Some arguments have already been mentioned:

  • Tool AI or friendly AI without executive power cannot stop the world f
... (read more)
Superintelligence 11: The treacherous turn

Making your mental contents look innocuous while maintaining their semantic content sounds potentially very hard

Even humans are capable of producing content (e.g. program code) where the real meaning is obfuscated. For some entertainment, try to look at this Python script in Stack Exchange Programming puzzles, and try to guess what it really does. (The answer is here.)

When should an Effective Altruist be vegetarian?

I couldn't even have a slice of pizza or an ice cream cone

Slippery slope, plain and simple. http://xkcd.com/1332/

Reducing mean consumption does not imply never eating ice cream.

When should an Effective Altruist be vegetarian?

You should have started by describing your interpretation of what the word "flourish" means. I don't think it's a standard one (any links to prove the opposite?). For now this thread is going nowhere because of disagreements on definitions.

4Salemicus7yOne of the things I hate most about this website is the people who love to claim that ordinary usages of English words are somehow non-standard or obscure. Do you see anything about "a life worth living"?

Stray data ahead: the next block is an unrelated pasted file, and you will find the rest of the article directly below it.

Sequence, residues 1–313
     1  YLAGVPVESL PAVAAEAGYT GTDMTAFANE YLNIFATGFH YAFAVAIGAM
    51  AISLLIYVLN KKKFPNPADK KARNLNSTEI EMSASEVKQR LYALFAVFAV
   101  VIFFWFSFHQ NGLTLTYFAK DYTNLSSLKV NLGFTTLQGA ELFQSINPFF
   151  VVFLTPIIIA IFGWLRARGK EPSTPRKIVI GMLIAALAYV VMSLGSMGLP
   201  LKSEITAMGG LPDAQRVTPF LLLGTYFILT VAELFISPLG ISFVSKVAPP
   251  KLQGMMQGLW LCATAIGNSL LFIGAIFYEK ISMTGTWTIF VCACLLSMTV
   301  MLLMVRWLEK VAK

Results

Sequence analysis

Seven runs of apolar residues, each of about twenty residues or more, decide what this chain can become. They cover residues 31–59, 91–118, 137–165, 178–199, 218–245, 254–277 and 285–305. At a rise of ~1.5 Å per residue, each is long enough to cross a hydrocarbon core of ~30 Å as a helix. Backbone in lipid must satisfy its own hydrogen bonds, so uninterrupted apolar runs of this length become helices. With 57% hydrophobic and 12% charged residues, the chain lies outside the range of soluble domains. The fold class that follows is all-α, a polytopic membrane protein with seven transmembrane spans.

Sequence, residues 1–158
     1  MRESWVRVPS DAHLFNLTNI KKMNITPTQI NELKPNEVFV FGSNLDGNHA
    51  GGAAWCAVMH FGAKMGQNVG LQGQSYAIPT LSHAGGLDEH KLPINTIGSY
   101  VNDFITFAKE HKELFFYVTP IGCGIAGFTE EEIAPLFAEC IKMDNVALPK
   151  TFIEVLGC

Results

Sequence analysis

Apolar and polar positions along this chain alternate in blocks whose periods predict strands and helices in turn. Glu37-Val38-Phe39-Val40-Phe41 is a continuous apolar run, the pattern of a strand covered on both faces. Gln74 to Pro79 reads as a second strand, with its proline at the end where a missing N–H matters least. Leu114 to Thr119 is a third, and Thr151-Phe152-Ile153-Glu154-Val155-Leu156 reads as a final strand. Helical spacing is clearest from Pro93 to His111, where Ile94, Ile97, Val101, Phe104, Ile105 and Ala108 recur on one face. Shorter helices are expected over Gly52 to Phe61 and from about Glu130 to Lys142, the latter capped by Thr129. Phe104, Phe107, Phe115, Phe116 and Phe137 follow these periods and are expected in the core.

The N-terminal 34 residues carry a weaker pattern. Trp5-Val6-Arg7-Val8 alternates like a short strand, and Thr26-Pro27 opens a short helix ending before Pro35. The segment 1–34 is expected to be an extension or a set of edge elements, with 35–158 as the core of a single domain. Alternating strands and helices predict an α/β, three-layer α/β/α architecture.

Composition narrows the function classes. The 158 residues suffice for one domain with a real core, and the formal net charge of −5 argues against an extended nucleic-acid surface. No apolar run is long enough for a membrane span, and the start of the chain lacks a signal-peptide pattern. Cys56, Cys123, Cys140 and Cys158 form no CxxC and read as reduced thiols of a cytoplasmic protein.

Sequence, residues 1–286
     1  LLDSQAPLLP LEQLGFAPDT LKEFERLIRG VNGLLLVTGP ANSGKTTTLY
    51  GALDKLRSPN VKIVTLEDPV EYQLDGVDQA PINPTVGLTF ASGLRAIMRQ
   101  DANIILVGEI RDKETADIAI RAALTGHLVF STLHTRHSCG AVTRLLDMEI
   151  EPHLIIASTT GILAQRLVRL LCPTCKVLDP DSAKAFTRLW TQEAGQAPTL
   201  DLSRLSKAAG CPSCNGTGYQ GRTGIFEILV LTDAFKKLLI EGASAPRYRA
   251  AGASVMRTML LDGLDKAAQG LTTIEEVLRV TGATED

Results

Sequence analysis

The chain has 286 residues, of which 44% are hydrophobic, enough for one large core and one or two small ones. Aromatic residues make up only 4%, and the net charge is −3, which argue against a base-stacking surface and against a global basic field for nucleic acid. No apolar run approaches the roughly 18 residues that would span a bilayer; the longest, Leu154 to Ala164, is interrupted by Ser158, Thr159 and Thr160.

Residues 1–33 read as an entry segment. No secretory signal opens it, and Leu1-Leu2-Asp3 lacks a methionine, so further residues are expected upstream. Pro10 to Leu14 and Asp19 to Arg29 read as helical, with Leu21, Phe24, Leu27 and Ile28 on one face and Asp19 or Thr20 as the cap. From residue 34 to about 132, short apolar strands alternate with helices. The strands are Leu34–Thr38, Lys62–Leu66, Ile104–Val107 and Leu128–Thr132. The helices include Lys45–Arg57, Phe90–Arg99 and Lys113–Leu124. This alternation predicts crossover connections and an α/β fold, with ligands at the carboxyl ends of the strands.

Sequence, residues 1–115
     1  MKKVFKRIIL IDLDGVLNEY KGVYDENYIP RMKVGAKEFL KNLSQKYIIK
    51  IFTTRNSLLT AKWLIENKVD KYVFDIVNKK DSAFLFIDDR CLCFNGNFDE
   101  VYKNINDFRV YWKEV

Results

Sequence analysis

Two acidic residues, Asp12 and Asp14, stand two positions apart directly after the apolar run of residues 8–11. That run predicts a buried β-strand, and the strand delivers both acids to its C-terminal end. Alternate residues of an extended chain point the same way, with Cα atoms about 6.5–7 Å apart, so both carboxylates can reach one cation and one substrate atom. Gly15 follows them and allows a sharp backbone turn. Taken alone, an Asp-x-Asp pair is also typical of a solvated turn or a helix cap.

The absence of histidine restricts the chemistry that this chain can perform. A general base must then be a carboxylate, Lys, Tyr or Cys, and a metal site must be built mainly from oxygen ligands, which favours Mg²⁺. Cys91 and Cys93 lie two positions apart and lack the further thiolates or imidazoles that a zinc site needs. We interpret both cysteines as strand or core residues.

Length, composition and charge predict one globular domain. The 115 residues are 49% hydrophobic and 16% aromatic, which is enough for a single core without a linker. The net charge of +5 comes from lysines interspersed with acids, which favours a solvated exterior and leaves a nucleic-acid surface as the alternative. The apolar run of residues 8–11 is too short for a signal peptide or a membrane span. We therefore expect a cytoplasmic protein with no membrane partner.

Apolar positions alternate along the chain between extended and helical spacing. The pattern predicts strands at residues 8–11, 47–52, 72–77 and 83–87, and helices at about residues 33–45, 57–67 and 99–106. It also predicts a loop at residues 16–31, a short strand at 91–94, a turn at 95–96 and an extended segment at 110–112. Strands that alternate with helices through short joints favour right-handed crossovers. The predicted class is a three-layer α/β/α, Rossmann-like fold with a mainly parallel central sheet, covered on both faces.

When should an Effective Altruist be vegetarian?

Two objections for these calculations - first, they do not take into account the inherent inefficiency of meat production (farm animals only convert a few percent of the energy in their food to consumable products), its contribution to global carbon emission and pollution. Second, they do not take into account the animals displaced and harmed by the indirect effects of meat production. It requires larger areas for farmlands than vegetarian or seafood based diets would.

0DanielLC7yAnd where it gets really interesting is when you wonder if wild animals' lives are worth living. It's entirely possible that it's good to eat meat because it prevents more suffering from crowding out wild animals than it causes to the animals being farmed.
When should an Effective Altruist be vegetarian?

chickens flourish

Not many vegetarians would agree. Is farm chicken life is worth living? Does the large number of farm chickens really have net positive effect on animal wellbeing?

Animals that aren't useful